Books on religious thought tend not to be big movers in bookstores or libraries. But, particularly for those of us who spend any portion of our lives in synagogue or in religious study, these books can offer a new lens that changes our thinking — whether it involves appreciating the big picture or concentrating on a small part of the picture.
Rabbi Lord Jonathan Sacks has become an increasingly visible figure presenting Jewish thought in the public arena.
The occasion for the former chief rabbi of Britain’s latest book, “Not in God’s Name: Confronting Religious Violence,” is the alarming rise of Islamic extremist violence. However, rather than engaging in Islam-bashing, Sacks describes the growing phenomenon as an expression of a danger endemic to Islam, Christianity and Judaism.
Sacks sees in each of the monotheistic traditions a possible tendency, if unchecked, toward a “pathological dualism”: When one group believes in the supremacy of its own vision, it is just a short path to fomenting animosity and violence towards others.
Sacks’ response comes largely in the form of an impassioned reading of portions of the Book of Genesis. In particular, he examines the prominent sibling rivalries, which seem on the surface to yield winners (Isaac, Jacob) and losers (Ishmael, Esau). Sacks tries to demonstrate that even when one brother is chosen, the biblical narrative takes pains to uphold the humanity of the other brother and prevent vilification.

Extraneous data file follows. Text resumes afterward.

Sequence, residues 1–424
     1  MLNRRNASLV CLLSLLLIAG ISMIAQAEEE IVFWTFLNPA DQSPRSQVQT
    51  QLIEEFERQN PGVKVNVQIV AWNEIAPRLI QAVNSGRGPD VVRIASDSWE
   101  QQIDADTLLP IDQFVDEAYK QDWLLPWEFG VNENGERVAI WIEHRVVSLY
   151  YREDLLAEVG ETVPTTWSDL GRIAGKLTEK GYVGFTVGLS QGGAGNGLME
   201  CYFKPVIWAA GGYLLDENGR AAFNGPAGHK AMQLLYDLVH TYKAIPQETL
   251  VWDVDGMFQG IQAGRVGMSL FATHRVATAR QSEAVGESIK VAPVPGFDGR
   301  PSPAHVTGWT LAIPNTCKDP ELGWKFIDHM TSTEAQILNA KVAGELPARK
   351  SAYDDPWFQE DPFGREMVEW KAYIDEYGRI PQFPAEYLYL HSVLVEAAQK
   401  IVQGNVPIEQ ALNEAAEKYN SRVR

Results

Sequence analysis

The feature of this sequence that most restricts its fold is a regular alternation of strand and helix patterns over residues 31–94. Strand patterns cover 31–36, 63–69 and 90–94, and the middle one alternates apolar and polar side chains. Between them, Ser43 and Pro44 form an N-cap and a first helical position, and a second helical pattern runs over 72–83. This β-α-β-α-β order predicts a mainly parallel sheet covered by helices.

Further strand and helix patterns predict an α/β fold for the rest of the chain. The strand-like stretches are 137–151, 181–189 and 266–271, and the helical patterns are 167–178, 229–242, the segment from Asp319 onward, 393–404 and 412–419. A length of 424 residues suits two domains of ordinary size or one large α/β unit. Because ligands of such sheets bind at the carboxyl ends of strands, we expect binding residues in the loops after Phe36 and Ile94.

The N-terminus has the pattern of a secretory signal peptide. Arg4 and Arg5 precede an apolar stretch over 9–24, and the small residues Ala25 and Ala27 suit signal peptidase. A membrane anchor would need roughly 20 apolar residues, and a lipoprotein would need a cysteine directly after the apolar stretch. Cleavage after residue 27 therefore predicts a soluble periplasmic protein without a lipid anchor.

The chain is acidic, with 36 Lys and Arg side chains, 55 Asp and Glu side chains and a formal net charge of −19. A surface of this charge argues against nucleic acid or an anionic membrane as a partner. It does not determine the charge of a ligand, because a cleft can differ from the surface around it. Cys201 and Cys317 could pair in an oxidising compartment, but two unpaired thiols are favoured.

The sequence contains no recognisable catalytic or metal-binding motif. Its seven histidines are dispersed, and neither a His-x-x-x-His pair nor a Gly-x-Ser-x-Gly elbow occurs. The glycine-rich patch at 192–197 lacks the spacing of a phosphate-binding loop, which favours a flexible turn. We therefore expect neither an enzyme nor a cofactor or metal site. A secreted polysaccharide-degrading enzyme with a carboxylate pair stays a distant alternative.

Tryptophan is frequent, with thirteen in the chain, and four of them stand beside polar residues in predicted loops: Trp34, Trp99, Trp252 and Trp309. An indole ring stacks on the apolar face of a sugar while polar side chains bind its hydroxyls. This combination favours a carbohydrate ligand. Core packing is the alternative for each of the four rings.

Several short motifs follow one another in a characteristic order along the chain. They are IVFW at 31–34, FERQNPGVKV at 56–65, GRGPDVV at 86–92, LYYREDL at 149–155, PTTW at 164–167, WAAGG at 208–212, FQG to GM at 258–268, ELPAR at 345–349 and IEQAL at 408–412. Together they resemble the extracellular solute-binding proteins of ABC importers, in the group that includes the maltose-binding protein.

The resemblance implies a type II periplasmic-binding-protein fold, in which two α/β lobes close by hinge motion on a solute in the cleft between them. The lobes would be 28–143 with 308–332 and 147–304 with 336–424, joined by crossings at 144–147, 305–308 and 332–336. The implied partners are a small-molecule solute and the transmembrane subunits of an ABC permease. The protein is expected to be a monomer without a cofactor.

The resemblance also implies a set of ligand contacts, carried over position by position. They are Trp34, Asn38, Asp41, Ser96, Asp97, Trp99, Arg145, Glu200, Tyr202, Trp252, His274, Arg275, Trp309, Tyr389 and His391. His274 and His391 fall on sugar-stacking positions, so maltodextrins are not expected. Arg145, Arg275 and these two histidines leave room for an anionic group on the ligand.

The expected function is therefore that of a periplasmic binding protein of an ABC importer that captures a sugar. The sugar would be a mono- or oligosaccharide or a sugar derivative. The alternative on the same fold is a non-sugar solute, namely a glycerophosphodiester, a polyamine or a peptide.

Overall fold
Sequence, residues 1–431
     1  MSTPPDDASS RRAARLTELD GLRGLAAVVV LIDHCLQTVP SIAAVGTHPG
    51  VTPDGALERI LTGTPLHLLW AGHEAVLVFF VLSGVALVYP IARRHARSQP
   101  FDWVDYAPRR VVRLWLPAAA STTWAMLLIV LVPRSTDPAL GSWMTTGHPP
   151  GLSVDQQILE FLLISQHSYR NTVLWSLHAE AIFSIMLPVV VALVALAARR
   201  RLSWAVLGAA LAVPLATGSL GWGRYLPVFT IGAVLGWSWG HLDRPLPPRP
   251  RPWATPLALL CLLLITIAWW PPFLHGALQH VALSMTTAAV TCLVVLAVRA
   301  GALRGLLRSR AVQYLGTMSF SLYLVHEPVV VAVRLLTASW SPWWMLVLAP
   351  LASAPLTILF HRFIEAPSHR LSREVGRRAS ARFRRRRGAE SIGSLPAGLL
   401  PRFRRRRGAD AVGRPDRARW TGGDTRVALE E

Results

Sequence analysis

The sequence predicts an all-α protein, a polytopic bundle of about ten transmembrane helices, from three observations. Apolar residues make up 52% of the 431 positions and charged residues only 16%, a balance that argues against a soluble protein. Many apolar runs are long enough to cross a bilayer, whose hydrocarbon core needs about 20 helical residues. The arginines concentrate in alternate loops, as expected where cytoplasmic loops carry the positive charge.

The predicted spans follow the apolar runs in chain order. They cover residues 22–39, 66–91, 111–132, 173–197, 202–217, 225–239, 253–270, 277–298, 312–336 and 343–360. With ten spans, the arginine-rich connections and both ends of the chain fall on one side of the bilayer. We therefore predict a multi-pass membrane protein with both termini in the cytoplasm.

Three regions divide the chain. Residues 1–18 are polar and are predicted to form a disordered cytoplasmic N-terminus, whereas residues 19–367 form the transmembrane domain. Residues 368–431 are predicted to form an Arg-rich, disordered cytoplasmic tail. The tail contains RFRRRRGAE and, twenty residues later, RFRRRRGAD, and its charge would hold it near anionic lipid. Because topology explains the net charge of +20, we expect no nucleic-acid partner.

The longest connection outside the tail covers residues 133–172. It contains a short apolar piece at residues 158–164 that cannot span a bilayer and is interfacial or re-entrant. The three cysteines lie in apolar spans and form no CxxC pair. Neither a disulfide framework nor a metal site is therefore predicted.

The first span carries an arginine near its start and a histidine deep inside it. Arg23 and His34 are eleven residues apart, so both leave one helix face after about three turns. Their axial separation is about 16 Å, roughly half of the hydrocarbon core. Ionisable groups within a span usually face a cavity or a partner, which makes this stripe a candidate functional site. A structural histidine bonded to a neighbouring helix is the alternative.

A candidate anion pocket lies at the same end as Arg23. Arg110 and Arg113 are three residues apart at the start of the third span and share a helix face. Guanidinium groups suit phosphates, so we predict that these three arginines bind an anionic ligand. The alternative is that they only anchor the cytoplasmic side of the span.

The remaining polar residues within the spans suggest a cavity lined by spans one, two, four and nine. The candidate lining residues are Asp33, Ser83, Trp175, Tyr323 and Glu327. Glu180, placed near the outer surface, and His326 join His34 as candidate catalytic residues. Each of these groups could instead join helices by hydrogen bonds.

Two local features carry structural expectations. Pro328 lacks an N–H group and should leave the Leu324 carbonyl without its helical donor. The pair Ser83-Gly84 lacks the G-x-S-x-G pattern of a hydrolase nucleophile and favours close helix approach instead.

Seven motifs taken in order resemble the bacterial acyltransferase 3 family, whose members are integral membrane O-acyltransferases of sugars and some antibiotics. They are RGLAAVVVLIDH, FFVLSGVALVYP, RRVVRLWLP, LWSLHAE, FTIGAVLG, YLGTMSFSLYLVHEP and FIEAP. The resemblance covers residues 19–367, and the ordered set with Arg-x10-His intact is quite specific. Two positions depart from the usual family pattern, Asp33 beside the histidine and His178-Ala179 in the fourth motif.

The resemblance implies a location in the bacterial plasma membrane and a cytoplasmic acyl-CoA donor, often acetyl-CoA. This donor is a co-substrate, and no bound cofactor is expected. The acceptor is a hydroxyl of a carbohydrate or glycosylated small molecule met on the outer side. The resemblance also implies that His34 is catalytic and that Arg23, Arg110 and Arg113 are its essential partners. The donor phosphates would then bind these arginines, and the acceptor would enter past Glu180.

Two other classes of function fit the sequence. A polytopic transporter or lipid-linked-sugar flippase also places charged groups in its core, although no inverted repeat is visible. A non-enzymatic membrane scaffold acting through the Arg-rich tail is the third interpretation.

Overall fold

He also calls attention to two covenants in Genesis with radically different dimensions. God’s covenant with Abraham reinforces a particular group’s identity. But Sacks asks us also to be mindful of God’s earlier covenant with Noah, which promotes universalism and justice. Sacks argues that we walk a dangerous path when we cling to the tribal vision at the expense of the global one.
Sacks rails against fundamentalist readings of text. He notes that the scriptures of all the Abrahamic religions feature passages which, when interpreted literally, can lead to hatred. But each of these traditions has also developed interpretive strategies that foster tolerance and healing. Sacks calls for a concerted campaign within religious communities to promote these outward and conciliatory stances, and warns that if they are not taught, religious violence will surely worsen.
In “Human Nature & Jewish Thought: Judaism’s Case for Why Persons Matter,” Alan L. Mittleman responds to a very different challenge to religion — the increasingly heard propositions emerging from science that consciousness and thought can be reduced to the expression of nerve cells and chemical processes, or that there is nothing essential to distinguish humans from other animals.
Without negating the validity of scientific inquiry and discovery, Mittleman, a professor at the Conservative movement’s Jewish Theological Seminary in New York, responds with a defense of “personhood” from within the Jewish tradition — a conception of who we are that cannot be reduced to the body’s chemical and biological operations.